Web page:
Johnnie gets trapped behind enemy lines. He sneaks into a house and hides under a table. Union officers and Anderson come in and discuss plans. Annabelle is brought in and locked in a room. Johnnie disguises himself as a Union soldier and rescues Annabelle. There is comedy gold involving a bear trap. The next morning they find themselves in the middle of the Union army. He hides Annabelle in a sack that is thrown onto the General and he then steals it back. This time Anderson is doing the chasing. It’s almost a mirror image of the original chase. Johnnie tries some of the same things Anderson did.

the spectacular train crash
       Johnnie sets fire to a bridge between enemy lines and then alerts the Rebel army which rushes off to confront the Yankees. The Yankee general sends his supply train across the bridge which results in a spectacular crash into the river. This was the most expensive stunt in filmdom up until then and the engine remained in the river until WWII.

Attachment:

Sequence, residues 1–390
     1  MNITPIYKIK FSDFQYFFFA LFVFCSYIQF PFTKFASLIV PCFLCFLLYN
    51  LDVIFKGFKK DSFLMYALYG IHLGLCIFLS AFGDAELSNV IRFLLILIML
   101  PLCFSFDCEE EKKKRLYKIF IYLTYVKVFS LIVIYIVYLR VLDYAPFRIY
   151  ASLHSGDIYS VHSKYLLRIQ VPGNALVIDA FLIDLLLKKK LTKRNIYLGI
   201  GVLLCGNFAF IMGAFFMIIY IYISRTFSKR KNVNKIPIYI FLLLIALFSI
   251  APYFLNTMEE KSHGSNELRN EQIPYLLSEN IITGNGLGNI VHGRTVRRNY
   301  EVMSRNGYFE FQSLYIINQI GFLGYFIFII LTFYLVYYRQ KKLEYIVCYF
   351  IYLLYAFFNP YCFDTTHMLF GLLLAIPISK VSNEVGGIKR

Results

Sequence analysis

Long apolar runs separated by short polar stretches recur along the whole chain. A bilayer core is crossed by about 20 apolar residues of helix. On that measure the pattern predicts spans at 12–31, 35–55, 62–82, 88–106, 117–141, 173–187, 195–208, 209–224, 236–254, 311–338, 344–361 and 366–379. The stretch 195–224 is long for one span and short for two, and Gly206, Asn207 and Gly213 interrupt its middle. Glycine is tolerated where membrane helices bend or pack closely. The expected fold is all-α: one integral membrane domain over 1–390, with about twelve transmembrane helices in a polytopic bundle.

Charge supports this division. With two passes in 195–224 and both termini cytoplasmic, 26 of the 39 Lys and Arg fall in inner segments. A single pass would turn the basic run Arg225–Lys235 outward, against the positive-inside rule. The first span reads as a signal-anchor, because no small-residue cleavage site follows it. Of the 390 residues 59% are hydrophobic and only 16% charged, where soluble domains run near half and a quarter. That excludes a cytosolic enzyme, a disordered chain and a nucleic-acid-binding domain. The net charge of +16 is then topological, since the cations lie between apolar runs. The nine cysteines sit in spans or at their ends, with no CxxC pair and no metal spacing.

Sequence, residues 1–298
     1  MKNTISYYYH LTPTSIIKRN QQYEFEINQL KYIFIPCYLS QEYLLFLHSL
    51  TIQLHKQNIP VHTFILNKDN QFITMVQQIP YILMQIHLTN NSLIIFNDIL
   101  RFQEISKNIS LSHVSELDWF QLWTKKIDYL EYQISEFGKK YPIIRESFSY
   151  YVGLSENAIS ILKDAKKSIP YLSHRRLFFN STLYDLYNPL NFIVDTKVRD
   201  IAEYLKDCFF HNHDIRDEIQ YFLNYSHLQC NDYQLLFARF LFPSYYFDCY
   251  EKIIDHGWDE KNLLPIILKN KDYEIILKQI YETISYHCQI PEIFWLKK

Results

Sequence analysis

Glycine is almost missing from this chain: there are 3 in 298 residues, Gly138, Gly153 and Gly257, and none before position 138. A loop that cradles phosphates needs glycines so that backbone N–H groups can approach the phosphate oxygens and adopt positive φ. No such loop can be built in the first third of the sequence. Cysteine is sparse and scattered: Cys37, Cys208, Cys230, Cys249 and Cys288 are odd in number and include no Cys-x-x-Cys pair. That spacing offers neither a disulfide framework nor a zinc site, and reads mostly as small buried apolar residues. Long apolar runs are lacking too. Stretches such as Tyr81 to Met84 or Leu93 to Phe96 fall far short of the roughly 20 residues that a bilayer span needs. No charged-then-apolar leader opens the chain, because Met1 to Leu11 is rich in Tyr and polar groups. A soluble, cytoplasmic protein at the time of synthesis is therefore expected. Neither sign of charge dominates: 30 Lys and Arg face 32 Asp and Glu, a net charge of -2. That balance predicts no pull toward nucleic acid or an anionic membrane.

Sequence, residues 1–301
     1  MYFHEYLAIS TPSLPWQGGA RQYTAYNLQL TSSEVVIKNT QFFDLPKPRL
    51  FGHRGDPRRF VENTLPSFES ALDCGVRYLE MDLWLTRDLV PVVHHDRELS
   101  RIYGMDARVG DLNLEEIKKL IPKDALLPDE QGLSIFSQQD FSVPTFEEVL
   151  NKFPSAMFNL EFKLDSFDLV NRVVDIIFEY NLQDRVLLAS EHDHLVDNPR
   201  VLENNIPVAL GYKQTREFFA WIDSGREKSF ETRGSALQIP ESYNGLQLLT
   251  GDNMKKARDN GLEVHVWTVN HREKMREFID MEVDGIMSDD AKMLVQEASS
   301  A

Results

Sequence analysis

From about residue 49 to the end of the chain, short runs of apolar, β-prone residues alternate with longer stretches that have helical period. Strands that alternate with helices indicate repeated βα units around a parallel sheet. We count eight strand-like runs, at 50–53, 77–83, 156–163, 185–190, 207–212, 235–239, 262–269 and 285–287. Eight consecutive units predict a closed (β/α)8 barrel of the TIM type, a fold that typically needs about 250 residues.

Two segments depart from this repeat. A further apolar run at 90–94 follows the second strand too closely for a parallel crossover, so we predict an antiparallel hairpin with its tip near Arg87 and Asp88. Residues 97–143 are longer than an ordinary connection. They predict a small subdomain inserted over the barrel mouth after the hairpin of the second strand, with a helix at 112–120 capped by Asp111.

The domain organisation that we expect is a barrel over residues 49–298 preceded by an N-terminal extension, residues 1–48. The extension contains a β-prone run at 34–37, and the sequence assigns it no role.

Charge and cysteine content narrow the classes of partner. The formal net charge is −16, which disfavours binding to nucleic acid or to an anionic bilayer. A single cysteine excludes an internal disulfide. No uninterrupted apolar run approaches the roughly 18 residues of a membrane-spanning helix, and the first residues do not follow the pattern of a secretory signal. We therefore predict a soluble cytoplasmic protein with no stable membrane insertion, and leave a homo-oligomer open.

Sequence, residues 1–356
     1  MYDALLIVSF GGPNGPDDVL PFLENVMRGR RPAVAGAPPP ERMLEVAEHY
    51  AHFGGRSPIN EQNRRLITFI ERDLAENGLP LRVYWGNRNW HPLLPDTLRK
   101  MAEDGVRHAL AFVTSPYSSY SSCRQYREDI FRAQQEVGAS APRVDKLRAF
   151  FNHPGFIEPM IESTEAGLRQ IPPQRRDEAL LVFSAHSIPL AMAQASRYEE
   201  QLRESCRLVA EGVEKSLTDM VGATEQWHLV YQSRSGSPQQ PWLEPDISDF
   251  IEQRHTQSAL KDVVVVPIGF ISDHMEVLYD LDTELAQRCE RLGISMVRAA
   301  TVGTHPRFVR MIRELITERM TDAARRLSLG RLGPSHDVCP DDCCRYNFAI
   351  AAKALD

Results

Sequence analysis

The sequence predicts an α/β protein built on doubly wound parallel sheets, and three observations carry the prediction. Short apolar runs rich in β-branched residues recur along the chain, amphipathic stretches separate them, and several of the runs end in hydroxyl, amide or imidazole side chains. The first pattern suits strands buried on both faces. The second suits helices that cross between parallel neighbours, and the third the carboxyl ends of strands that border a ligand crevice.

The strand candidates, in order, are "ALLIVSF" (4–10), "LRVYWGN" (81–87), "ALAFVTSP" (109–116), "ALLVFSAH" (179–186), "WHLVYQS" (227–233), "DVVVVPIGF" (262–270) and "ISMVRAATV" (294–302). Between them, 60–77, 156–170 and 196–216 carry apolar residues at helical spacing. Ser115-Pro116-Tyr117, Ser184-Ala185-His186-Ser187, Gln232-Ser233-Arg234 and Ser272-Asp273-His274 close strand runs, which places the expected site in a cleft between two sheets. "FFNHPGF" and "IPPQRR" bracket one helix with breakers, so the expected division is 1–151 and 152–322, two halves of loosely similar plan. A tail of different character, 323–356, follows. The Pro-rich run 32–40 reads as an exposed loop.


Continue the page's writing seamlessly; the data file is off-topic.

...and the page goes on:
CLOSING: There is a big battle as the Union army tries to cross the river. There is lots of cannon fire and smoke. Remarkably (or maybe not), the scene is similar to the bridge scene in “The Good, the Bad, and the Ugly”. There is some funny stuff involving a broken sword. Johnnie captures a Union general, is promoted, and gets the girl. Surprise!


Acting - 7

Action - 7

Accuracy - 7

Realism – 7

Plot - 7

Overall - 7

WOULD CHICKS DIG IT? It depends on their feelings about silent movie comedies. They also need to have a sense of humor that appreciates old-school slapstick humor. The movie does have a romance, but Keaton is not exactly Brad Pitt. It certainly is not graphically bloody.

HISTORICAL ACCURACY: The movie is actually fairly accurate in depicting the famous Andrews Raid in the Civil War. James Andrews and a group of Yankee volunteers hijacked the General at Big Shanty in April, 1862. The plan was to damage the rail line and to facilitate the Union offensive against Chattanooga. The General's engineer William Allen Fuller gave chase after his engine on foot, then hand-cart, then on the locomotive Yonah and later the William R. Smith. Meanwhile, Andrews’ men were doing the damage depicted in the movie. Broken tracks forced Fuller back on foot until he acquired the Texas. Fuller had to drive the Texas backwards, but he did gain ground on the General.